Microsoft has released mitigations for the new PetitPotam NTLM relay attack that allows taking over a domain controller or other Windows servers.
PetitPotam is a new method that can be used to conduct an NTLM relay attack discovered by French security researcher Gilles Lionel (Topotam). This method was disclosed this week along with a proof-of-concept (PoC) script.
The new attack uses the Microsoft Encrypting File System Remote Protocol (EFSRPC) to force a device, including domain controllers, to authenticate to a remote NTLM relay controlled by a threat actor.
Once a device authenticates to a malicious NTLM server, a threat actor can steal hash and certificates that can be used to assume the identity of the device and its privileges.
Mitigation limited to Domain Controllers
After news of the PetitPotam NTLM relay attack broke yesterday, Microsoft published a security advisory with recommendations for organizations to defend against threat actors using the new technique on domain controllers.
The company says that organizations exposed to PetitPotam, or other relay attacks, have NTLM authentication enabled on the domain and are using Active Directory Certificate Services (AD CS) with Certificate Authority Web Enrollment or Certificate Enrollment Web Service.
In a tweet earlier today, Microsoft recommends disabling NTLM where it is not necessary, e.g. Domain Controllers, or to enable the Extended Protection for Authentication mechanism to protect credentials on Windows machines.
The company also recommends on networks with NTLM enabled that services allowing NTLM authentication to use signing features such as SMB signing that’s been available since Windows 98.
However, PetitPotam is about abusing the EfsRpcOpenFileRaw function of the MS-EFSRPC API to pass on authentication requests, leaving the door open for other attacks.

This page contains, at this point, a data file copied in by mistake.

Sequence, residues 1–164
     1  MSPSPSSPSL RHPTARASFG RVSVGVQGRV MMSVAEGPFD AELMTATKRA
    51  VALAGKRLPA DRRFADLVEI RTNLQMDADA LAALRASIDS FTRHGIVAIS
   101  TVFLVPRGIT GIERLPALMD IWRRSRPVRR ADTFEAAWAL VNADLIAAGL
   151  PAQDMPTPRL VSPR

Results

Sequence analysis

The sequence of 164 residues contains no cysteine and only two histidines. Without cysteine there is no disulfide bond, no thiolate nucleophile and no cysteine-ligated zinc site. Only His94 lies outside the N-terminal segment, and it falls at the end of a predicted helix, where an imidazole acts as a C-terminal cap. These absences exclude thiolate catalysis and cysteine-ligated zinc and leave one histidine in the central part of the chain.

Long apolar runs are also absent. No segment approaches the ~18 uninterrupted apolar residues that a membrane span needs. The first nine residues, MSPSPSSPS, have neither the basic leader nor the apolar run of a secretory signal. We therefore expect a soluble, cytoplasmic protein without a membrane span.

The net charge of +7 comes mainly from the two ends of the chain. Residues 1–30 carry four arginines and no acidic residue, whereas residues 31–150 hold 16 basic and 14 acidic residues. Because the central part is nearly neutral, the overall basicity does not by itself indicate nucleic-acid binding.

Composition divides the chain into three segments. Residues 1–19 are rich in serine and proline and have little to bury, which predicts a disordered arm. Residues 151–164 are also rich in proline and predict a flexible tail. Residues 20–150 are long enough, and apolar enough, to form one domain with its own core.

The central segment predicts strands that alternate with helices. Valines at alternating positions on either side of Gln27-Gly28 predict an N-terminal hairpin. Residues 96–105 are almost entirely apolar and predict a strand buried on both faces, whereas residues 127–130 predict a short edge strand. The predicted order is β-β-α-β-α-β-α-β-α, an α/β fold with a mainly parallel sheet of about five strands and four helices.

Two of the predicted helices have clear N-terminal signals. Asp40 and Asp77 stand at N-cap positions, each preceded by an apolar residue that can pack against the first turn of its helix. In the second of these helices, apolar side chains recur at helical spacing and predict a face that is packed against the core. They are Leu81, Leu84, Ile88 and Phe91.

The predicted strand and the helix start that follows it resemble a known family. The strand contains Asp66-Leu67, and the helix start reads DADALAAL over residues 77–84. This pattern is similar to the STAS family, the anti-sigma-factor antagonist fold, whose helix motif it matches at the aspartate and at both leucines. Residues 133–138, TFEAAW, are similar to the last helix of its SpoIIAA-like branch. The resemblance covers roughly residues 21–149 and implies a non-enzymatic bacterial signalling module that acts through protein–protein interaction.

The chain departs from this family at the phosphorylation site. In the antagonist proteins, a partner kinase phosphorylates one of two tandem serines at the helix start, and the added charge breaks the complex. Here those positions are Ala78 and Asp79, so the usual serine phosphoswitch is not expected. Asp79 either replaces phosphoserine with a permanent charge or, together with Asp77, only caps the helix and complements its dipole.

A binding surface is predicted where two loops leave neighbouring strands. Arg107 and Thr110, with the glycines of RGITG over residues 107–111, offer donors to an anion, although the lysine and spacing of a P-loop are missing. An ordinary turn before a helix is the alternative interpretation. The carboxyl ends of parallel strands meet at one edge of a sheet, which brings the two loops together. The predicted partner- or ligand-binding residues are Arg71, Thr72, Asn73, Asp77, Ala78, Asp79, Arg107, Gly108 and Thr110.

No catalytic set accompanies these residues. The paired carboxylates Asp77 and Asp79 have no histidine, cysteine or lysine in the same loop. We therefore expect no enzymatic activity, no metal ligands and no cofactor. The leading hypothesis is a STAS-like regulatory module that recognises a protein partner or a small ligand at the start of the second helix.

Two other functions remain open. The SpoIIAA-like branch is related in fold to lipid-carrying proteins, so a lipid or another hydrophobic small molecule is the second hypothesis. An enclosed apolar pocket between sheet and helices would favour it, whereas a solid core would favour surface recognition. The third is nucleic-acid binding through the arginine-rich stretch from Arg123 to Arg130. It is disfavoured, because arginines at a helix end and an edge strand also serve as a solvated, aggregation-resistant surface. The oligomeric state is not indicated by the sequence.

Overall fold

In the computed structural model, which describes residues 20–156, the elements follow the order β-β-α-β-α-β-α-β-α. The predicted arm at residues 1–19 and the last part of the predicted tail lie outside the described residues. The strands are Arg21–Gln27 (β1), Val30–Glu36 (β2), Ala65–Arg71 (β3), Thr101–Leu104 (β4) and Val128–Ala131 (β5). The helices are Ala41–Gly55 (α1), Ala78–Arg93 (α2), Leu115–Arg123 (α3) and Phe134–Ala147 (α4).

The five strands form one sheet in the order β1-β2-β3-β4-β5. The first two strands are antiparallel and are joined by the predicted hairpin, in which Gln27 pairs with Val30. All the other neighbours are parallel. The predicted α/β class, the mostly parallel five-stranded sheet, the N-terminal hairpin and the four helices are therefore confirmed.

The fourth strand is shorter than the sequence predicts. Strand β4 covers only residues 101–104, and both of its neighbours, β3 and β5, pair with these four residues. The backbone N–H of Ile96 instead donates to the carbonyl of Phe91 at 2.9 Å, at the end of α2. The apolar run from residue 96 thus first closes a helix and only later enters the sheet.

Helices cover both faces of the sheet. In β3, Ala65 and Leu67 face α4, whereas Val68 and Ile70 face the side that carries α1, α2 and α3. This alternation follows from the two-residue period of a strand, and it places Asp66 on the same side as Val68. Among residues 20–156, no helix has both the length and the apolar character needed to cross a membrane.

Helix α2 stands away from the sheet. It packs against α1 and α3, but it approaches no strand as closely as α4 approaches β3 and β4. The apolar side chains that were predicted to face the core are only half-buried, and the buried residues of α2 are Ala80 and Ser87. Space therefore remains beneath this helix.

Microsoft’s advisory is clear about the action to prevent NTLM relay attacks but does not address the abuse of the MS-EFSRPC API, which would need a security update to fix.
Gilles Lionel told BleepingComputer that PetitPotam allows other atacks, such as a downgrading attack to NTLMv1 that uses the Data Encryption Standard (DES) – an insecure algorithm due to its short, 56-bit key generation that makes it easy to recover a password hash.
One example, Gilles Lionel told BleepingComputer, is a downgrading attack to NTLMv1 that uses the Data Encryption Standard (DES) – an insecure algorithm due to its short, 56-bit key generation that makes it easy to recover a password hash.
An attacker can then use the account on machines where it has local admin privileges. Lionel says that Exchange and Microsoft System Center Configuration Manager (SCCM) servers are a common scenario.
PetitPotam affects Windows Server 2008 through 2019. Microsoft’s advisory notes that the technique has not been exploited in the wild yet but has no assessment about the exploitability level.